Sheep in the Paris metro.
What’s your artistic background, and what led you to start making art in the streets?
My artistic career isn’t typical. I’ve skateboarded since I was young, which gave me a particular view of my urban environment. My entourage also played a key role. I hung around with graffiti artists and other skaters, who, like me have a passion for searching the streets. My favourite game is to adapt to my environment, to find skate spots is like finding a good spot for adding my work.
The Sheepest does Eastern Europe.
What’s the story behind the sheeps heads and what’s the significance of the wordplay you sometimes add underneath?
In 2006, I began pasting sheep. I chose it as a symbol because of what it represents, an animal known for being a “follower”, which is similar to how we often act as a society. The name is a pun on the superlative “cheap” but also a play on the third person conjugation of the French verb, être (to be), “est”. “Cheap” because of the vulgar cheap products that we buy shape our lives.
The Sheepest is sometimes drowning in the mass, and sometimes it’s away from the flock and asserts its identity. After pasting a few sheep on all fours, I found an old advertisement “Sheep” in a skate magazine, Big Brother skate magazine. Because it’s a profile view, I found it to adapt better to the angle of walls, a window, and so on. So after a number of years of inactivity, I decided to revise the sheep. I understood later that the creators of the brand were rather amused by the evolution of sheep.
As for the phrase “Je suis ceux que je suis” (meaning both, “I am, who I am”, or “I am those that I am”), I use the words to support the meaning to my approach, that is, the parallel between “suis” (being) and ‘suivre’ (follow), the concept of the individual and the collective; the affirmation of assertiveness, of freedom.
New York sheep.
Can you take us through the process for realising one of your sheep.
First I use a large A0 plotter, available to use cheaply at a local school, through a close friend. Then I look at the list of spots that I’ve recently noticed, and pick one. If I’m in another city, I take a few posters with me in my luggage with my pasting pole and my glue and I look around to identify the spots I might do. The identification stage is, for me, the most important and most exciting.
My criteria are visibility of the location, height, the location (a shopping area, an old street, a rooftop), how it’ll look insitu, and the personal challenge. Sustainability over time also counts. The fact that you can not remove it easily, so, whether the paper adheres well to the wall, or it’s protected from the weather.
The final step is to photograph the sheep in its environment and put it on my website in order to have a record of my flock.
The Sheepest in Belleville, a quarter in Paris’ 20th arrondissement.Sheeps heads in Brixton, London.
Once upon a time the townhall of the French city of Grenoble ordered that all the city’s street art and graffiti be cleaned off of the walls, except for the sheeps heads, we heard. Is this a fairy tale?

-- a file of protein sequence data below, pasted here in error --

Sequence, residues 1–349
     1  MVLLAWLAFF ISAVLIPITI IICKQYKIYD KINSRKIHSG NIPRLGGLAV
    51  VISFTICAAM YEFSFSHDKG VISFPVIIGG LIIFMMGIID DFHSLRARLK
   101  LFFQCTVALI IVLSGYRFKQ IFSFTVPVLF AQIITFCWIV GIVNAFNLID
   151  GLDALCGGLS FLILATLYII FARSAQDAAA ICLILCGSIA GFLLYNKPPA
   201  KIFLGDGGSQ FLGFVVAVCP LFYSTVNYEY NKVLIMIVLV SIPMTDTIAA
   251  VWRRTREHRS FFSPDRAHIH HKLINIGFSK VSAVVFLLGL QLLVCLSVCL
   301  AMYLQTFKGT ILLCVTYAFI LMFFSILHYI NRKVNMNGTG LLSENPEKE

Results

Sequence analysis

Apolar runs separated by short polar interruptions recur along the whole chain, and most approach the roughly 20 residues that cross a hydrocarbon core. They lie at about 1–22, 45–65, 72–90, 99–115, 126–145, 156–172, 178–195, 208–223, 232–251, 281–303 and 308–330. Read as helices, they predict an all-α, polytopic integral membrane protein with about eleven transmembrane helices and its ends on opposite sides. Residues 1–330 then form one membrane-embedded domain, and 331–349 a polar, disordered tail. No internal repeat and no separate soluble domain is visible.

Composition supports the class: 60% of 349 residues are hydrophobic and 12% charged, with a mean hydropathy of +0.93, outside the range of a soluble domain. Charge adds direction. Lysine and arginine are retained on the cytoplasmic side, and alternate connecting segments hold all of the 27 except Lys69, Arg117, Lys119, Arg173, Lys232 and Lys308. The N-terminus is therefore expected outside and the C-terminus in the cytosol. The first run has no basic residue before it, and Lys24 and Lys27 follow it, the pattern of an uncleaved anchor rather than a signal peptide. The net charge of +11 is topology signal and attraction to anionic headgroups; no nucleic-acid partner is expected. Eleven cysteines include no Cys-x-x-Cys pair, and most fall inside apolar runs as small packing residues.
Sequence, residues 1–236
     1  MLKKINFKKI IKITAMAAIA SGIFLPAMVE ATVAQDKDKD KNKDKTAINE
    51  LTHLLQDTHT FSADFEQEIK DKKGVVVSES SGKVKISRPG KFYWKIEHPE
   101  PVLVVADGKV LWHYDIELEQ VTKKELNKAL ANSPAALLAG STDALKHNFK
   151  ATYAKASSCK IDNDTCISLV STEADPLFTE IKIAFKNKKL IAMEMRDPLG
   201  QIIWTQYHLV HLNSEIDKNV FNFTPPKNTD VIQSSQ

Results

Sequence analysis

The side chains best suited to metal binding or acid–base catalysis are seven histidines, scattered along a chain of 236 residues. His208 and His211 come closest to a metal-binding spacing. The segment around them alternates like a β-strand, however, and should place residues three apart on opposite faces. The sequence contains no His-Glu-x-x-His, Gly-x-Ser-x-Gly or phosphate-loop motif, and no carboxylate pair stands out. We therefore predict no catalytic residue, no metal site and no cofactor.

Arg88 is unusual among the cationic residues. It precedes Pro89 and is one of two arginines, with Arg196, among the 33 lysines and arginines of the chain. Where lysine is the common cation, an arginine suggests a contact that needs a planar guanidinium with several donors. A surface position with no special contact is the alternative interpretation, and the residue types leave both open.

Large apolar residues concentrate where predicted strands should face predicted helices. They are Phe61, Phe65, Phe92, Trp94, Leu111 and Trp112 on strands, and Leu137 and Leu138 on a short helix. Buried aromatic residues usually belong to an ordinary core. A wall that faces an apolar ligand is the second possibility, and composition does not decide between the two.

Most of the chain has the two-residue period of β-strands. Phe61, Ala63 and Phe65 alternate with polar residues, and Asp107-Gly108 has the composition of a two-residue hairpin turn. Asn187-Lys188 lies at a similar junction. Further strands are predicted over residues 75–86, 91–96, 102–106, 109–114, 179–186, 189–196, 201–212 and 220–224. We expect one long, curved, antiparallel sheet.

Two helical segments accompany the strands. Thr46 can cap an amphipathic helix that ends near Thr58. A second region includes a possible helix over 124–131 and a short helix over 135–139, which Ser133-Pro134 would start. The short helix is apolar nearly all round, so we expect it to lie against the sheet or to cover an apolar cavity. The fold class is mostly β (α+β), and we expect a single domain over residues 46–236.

I’d heard this story, too, and I inquired more closely to find out, but it remains a mystery. Let’s say that over time, the city has built my sheep into the urban landscape. Thus, Grenoble and the municipality agrees to allow unsanctioned posters that are not casuing offence, we must assume. Also, it is difficult for them to reach work that is up over three metres high, which has meant much graffiti has been left for several years. Works that are high quality are sometimes left. The Belgian street artist, Bonom, visited Grenoble almost ten years ago, and his artworks of bison still remain. On the city’s ring road, for example, they started to erase the graffiti, but left my sheep in peace.
Sheep at Place Frehel, Belleville.
You’ve pasted sheep all over the world. Where are a few of your most memorable destinations?
Each new destination offers a new challenge, a new way to adapt and to be more spontaneous than at home in Grenoble. It’s really exciting to discover a new city in this way. Among the places that have left their mark on me, I’ve spent a lot of time in Berlin. I was surprised by the intensity of the graffiti and street art movement there. Because of this, I sought to stand out from the flock. For example, when I found a ladder in a yard this opened up new possibilities on the choice of spots.
Working on this scale continued throughout my stay. It took a lot of work carrying it the ladder, especially on the metro. It was bulky, but handy.
Other destinations that stand out are Serbia, Poland and Hungary, where I discovered buildings that had been bombed, which were being rebuilt, but still bearing the scars of communism and war.
When you visit a foreign destination, what comes first, the holiday or the sheep, and what motivates you to keep on with the campaign?
I’m an enthusiast who is constantly trying to feed his passion, so when I go on holiday, I manage to take posters with me, and most of the time the holiday destination is clearly oriented towards the sheep. What motivates me after all these years is the personal challenge to find access to unusual places – a roof, a wall, a bridge. Adapting the sheep to the urban environment is an endless game.
What direction do you plan on taking your sheep in future, or do you have other campaigns planned that you can share with us?
I hope that people react in their own way on the meaning of my approach, without the need for me to direct them. In parallel, I have worked with cultural and educational institutions primarily around a ‘sheep treasure hunt’. Otherwise, I’m still planning to expand my flock, and to develop in other techniques, such as stencilling.